This article is probably one of the most challenging ones I have ever written.
The killing of George Floyd at the end of May made me speechless. Seeing pictures of a man, desperately begging for help, fighting for his life, choked to death, left me shivering. Though such incidents belong to the tragic reality in the black community, it made blatantly obvious that racism and violence against minorities are deeply rooted in society – even in 2020. But before I start, there are some things I have to be frank with you about: I was born and raised in Germany, as a white boy – son of an Italian mother and a German father. I’ve never had to worry about what to eat for lunch, nor was I surrounded by violence and danger. Although my parents divorced when I was little, I was still lucky enough to have a protected childhood with people around who cared for me. I got a solid public education and graduated from high school in a way that left me with plenty of options for my future. Though neither of my parents is an academic, I belong to the first generation in my family that went to university – a possibility that remains barred for so many other people around the world.
You may ask why I feel this is necessary to mention. I don’t want to be pretentious. I want to make clear that this is not another white boy trying to explain the world to those who are probably closer to the topic than he is. It rather poses an effort to raise awareness for the fortunate environment we – as Europeans – grew up in. This article is meant to show why Europe was able to prosper while other parts of the world were stuck in poverty. Talking about structural racism and racist ideologies always includes a confrontation with the past and this is a careful attempt to do so. To fully understand the racism that is at display today, we need to look at colonialism as the root of much of the structural and ideological systems that are still prevalent in the world, and that translate domestic inequality to an international phenomenon.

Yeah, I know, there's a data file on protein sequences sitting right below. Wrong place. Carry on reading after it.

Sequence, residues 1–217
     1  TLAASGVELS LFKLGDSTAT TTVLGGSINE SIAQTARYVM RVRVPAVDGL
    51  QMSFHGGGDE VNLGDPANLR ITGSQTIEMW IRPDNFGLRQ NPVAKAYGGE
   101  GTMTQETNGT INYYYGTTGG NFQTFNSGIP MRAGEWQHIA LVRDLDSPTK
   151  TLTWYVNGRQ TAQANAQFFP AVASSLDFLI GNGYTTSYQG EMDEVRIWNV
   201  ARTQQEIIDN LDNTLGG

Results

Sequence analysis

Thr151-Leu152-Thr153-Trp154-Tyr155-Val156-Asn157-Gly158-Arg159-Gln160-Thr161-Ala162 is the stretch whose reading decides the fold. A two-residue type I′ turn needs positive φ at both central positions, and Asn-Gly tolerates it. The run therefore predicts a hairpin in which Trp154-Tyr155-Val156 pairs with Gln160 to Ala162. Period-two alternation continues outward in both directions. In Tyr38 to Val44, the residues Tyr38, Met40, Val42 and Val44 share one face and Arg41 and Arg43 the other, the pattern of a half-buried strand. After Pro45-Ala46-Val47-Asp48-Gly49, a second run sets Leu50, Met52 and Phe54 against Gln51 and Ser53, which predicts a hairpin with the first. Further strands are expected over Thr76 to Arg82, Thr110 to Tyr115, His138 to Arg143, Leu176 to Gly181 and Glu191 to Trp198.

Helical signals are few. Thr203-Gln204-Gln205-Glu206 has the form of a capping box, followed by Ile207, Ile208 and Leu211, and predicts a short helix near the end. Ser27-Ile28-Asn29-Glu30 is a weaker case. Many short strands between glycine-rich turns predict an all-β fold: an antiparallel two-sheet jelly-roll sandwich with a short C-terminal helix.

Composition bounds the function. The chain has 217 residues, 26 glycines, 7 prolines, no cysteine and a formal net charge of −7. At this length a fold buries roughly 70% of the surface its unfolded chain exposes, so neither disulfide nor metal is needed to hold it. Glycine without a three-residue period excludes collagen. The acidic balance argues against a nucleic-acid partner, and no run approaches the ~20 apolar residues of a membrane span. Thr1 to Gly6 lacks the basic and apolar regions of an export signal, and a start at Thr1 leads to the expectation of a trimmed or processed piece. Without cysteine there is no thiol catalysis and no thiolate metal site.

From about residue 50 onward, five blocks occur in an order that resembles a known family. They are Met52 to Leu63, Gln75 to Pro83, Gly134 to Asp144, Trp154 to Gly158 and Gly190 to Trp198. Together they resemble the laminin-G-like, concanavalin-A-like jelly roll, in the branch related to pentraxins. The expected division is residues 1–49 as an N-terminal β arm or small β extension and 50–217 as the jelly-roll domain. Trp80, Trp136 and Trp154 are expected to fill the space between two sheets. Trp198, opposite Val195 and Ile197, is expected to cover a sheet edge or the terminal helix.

Colonialism is an undeniably dark chapter of our mutual European history. In the 19th Century, European countries started to colonialize the African continent. Though there have been earlier colonies that can be dated back to a period of time when Europe had sunk into the brutality of the Middle Ages, the colonization of Northern Africa marked the start for European predominance on the continent. But to explore whether and, if so, how, Europe benefitted from colonialization, it is necessary to take a step back. In recent discussions, academics, politicians and economists have been arguing about the question of whether the exploitation of the African land and peoples made Europe rich. This brings us to a chicken-and-egg problem. On the one hand, it is uncontroversial that slavery was an inhuman machinery that made trade, production and agriculture a whole lot cheaper. On the other hand, some circumstances have had to be present that Europeans were even able to enslave African peoples in the first place. The Industrial Revolution certainly marked such a decisive turning point in European civilization and development. Almost every aspect of life was affected – new jobs were created, others became obsolete, production became more efficient and opened up markets that were previously reserved for distant countries and regions. But at the same time, it enabled a new form of imperialism that is highly interwoven with the present world order.